The matter was remanded to the trial court for a hearing to determine the value of Husband's business as of the date the parties separated.

Irmo Baron -- Unpublished opinion of District 2, Division 6 (Filed January 10, 2013)

In determining the amount a supporting party has available to pay support, do not deduct his or her monthly equalization payments.

Husband and Wife married in 1979 and separated in 2007.  Shortly after their marriage, they founded a nursery and several other business entities.  Wife worked for the family business for nearly 30 years but was fired in 2010.  During that period, the nursery contributed to Husband's Social Security account but not to Wife's.

The parties enjoyed an upper middle class lifestyle with the nursery paying virtually all of their personal expenses.  In 2010, Husband agreed to buy out Wife's share of the community businesses and real property.  Their MSA requires him to make installment payments to Wife over a period of 15 years in the total amount of $1 million.

At the time of the support trial, Wife was 62 years old and unemployed with physical complaints consistent with her age.  Husband was 58 and nothing inhibited his ability to work full time.

The trial court declined the parties' requests to impute income to the other party.  As to Husband's earnings, the trial court noted that he has struggled to run the nursery during an economic downturn and found he was entitled to try to bring the business back to its prior level without the additional burden of an imputed income reflecting earnings in better times.  As for Wife, the trial court noted she was 62, had been fired from her only employment of the last 30 years and concluded it was unrealistic to believe that she will find employment any time soon.

The parties offered expert testimony about the income Husband had available for support.  Wife's expert said Husband had $29,060 per month, all non-taxable, available for support.  Husband's expert said it was only $3,873 per month, all taxable.  After tempering the exuberant advocacy of the alleged experts, the trial court found Husband's income averaged $13,450 per month, of which $12,282.00 is non-taxable.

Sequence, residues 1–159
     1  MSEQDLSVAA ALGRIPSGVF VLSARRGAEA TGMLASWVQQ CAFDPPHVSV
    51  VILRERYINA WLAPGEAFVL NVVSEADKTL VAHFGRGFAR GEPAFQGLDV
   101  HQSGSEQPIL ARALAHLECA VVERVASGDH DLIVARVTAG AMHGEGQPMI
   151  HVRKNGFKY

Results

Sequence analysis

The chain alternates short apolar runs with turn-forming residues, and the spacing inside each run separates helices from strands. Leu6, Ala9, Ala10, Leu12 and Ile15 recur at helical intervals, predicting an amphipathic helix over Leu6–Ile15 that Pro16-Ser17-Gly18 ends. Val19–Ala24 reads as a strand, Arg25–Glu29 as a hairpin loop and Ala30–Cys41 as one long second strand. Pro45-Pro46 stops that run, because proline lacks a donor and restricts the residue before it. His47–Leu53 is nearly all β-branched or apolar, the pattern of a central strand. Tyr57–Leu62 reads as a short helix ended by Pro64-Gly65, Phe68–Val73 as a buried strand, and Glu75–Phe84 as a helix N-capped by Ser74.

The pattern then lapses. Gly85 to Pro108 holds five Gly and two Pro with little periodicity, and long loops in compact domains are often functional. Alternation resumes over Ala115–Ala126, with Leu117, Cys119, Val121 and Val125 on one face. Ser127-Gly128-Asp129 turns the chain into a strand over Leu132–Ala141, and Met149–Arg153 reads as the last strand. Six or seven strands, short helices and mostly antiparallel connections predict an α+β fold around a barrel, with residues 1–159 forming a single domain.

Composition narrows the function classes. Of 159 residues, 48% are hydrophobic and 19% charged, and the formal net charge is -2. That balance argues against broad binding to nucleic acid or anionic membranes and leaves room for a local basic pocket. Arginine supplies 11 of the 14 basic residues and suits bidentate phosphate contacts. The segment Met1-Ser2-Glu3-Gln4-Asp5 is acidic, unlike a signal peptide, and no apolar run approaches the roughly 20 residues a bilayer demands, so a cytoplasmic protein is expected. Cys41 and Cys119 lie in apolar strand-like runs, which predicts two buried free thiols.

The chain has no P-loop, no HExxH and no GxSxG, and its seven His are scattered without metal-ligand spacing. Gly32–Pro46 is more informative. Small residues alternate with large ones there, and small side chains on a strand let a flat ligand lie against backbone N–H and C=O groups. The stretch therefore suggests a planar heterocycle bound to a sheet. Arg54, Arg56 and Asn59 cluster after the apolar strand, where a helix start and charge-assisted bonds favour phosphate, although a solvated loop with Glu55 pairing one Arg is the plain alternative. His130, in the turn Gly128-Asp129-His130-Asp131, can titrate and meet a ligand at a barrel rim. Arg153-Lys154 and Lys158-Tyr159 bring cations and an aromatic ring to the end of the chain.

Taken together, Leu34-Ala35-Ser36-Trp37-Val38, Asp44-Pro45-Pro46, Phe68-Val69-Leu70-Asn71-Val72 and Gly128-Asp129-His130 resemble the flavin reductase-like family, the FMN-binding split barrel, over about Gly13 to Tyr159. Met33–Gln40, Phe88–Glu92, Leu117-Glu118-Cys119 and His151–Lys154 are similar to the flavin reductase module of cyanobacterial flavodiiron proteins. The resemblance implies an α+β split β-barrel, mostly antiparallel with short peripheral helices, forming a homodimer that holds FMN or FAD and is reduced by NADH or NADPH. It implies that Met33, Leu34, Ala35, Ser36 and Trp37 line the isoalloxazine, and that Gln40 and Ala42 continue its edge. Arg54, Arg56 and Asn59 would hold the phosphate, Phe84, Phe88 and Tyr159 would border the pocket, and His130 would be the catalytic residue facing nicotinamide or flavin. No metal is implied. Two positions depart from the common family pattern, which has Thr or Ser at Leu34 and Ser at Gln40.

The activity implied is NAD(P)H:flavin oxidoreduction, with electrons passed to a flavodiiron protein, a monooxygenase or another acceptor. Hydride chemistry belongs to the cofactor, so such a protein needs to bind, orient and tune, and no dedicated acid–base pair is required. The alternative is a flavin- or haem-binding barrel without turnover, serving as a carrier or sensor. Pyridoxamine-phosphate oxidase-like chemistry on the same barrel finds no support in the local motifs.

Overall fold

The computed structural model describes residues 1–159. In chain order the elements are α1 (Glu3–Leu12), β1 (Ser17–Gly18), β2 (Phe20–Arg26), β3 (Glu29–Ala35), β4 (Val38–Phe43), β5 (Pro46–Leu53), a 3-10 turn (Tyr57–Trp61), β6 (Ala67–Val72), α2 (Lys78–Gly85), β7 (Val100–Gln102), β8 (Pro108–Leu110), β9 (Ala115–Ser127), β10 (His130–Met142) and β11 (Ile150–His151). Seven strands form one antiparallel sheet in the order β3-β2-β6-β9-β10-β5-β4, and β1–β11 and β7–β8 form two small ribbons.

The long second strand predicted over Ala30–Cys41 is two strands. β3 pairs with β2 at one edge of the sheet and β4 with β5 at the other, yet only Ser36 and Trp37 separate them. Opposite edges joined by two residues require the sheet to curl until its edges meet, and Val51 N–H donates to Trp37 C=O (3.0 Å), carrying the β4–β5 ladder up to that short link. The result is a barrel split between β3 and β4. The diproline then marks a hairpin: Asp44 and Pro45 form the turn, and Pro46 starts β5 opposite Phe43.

The trial court weighed the statutory factors for spousal support (§ 4320) and ordered Husband to pay Wife $5,500 per month until the death of either party, Wife's remarriage or further order of the court.  Citing Wife's age and lack of Social Security benefits, the trial court granted Wife's request for security for spousal support ordering Husband to provide a $500,000 term life insurance policy for a period of 10 years, and a $200,000 policy for the following five years.

Husband appealed.  AFFIRMED

Spousal Support

In assessing the need for spousal support, the trial court must weigh the factors set forth in section 4320, including each party's earning capacity, the supporting party's ability to pay spousal support, the parties' needs based on the marital standard of living, "[t]he obligations and assets, including the separate property, of each party," the supported party's ability to work, the age and health of the parties, the tax consequences of the award, the balance of the hardships to each party, and "[a]ny other factors the court determines are just and equitable.  [Citation.]"  (Irmo Lynn (2002) 101 Cal.App.4th 120, 131-132.)

Husband's plea was that the trial court support order was an abuse of its discretion because it did not leave him sufficient income for his own support.  Husband argued that after reducing the $13,450 monthly income he as available for support by the $11,478 required to pay spousal support and property division payments, the balance of $1,971 is insufficient to meet his monthly cash needs of $2,876.  The CA rejected the argument.

"Husband's analysis is based on the incorrect assumption that his property division obligation affects his ability to pay spousal support.  In Irmo Martin (1991) 229 Cal.App.3d 1196, 1198, we held that a spouse may not ‘finance a "buy-out" of community property and then successfully claim inability to pay spousal support.'  (Id. at pp. 1198, 1201.)  … [A] spouse should not be penalized for agreeing to a cash buy-out of an interest in community assets.  (Id. at p. 1201; see Irmo West (2007) 152 Cal.App.4th 240, 250-251; Irmo Rabkin (1986) 179 Cal.App.3d 1071, 1081 ["It makes no more sense to reduce wife's spousal support because she received her rightful share of the community property than it would to increase wife's spousal support because husband received his rightful share of the community property"].)